“Looking at how the economy has not bounced back, I can see that some cutbacks may have been necessary. It requires constant effort, sometimes a huge amount of effort.

“The fact that we borrowed against our line of credit was daunting to the new director, but that was a challenge,” she told me. “It meant a fund-raising burden, but it should not have resulted in closing things down.”

Still, Kathy acknowledges that she has been completely gone from the organization and does not wish to place blame now.

Mike Sato, one of the founders of People for Puget Sound and a public communications expert, lost his job during last year’s layoffs. Mike says the executive staff had worked for two years to prepare for Kathy Fletcher’s departure and the transition to new leadership.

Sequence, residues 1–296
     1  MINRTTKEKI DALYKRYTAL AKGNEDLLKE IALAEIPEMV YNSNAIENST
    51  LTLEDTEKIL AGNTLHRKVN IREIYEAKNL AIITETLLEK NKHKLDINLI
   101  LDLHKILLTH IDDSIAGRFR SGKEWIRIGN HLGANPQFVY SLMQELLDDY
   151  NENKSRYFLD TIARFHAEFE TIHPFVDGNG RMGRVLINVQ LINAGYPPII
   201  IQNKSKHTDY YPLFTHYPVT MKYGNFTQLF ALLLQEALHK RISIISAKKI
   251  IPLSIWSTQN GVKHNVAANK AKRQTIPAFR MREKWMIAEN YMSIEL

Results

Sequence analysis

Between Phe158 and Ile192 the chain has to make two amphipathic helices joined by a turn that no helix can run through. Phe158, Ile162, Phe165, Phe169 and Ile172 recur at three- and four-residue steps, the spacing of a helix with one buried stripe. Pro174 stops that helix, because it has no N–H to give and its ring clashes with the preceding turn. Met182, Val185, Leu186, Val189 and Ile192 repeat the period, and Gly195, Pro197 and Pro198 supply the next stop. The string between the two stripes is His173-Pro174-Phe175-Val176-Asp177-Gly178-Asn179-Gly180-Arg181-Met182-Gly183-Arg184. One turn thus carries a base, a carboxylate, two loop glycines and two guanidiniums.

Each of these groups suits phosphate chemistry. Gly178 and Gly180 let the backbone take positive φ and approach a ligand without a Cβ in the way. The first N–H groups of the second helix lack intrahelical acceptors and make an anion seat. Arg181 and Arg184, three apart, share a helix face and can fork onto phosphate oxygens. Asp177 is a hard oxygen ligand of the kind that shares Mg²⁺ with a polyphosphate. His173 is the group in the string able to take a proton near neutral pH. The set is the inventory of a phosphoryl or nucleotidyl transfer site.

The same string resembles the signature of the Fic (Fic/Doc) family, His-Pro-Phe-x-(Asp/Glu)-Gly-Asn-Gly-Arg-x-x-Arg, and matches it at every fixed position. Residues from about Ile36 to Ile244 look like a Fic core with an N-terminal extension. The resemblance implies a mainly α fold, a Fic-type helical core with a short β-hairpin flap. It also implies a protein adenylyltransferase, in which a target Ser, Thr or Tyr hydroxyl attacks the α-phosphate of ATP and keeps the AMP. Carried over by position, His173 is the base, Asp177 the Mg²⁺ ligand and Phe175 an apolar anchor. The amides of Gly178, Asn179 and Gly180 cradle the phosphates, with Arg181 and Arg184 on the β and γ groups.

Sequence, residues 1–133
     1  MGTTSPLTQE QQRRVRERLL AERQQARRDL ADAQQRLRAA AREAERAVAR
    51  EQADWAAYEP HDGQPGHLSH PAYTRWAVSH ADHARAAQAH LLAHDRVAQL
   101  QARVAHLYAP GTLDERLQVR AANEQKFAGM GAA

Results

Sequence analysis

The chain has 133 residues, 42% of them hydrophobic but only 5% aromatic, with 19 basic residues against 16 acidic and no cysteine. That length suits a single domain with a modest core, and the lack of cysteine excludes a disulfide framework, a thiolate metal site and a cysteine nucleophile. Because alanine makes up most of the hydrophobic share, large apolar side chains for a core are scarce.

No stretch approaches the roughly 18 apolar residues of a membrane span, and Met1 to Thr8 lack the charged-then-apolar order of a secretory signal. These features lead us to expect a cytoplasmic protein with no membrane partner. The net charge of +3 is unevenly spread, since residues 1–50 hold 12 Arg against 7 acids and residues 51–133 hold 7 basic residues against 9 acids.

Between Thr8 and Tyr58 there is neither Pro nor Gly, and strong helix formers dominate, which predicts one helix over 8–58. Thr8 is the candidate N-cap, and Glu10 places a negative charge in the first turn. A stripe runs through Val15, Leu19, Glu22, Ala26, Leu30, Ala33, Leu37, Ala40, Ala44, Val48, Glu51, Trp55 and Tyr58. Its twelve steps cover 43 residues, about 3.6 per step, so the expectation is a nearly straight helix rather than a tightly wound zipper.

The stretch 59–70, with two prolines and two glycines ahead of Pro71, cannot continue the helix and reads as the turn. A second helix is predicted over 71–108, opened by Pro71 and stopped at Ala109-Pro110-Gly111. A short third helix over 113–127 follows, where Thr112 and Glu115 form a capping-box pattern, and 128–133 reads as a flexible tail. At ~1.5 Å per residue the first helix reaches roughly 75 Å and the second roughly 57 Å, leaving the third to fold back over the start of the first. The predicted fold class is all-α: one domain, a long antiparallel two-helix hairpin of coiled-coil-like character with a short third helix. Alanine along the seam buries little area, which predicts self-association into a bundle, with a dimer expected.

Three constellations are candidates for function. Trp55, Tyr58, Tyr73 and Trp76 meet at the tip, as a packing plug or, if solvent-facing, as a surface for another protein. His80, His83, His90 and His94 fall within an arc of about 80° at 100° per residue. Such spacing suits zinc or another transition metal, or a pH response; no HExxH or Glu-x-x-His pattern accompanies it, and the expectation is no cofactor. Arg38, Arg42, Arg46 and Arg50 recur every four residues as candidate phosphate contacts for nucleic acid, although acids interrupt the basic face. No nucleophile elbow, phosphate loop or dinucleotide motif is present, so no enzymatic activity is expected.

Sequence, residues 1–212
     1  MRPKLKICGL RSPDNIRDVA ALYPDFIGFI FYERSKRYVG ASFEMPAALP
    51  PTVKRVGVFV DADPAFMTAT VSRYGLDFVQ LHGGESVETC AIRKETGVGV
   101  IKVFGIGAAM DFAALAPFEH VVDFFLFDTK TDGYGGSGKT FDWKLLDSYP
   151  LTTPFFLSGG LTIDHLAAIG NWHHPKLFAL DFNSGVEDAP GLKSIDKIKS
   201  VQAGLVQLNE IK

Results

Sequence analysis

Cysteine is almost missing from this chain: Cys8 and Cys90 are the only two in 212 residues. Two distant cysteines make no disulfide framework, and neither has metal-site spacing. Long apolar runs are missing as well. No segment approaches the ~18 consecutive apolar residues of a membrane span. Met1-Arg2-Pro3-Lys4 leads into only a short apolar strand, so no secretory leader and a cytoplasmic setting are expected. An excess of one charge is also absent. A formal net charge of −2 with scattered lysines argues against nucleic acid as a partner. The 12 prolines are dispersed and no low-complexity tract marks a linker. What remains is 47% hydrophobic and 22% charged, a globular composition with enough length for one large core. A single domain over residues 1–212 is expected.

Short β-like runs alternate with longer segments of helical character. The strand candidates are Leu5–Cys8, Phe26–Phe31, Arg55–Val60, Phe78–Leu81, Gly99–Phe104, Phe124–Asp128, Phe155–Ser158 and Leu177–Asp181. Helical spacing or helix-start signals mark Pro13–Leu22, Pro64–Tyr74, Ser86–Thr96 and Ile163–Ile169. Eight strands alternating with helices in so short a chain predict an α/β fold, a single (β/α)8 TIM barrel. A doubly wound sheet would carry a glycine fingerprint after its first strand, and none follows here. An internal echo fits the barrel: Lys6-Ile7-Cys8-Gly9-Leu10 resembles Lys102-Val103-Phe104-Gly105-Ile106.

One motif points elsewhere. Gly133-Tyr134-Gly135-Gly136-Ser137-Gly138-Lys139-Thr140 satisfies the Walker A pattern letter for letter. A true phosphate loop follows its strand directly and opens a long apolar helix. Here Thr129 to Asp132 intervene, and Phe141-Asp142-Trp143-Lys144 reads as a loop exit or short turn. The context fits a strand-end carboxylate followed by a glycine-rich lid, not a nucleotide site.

“Some people will think that the charisma of the organization went away with Kathy,” he said. “But we made a real effort to establish the brand ‘People for Puget Sound.’ We were trying to say, ‘We are 20 years old and moving ahead.’”

During the 20 years of the group’s existence, Sato recalls other times when finances were tough.

“At times, some of us deferred salary to keep the organization going. We did creative financing, but we always pulled through, because we looked at this as a real cause rather than a balance sheet.

“Would another group of people have done things differently?” he wondered. “We did it because it was a cause, and you do whatever needs to be done. It is not financially impossible.”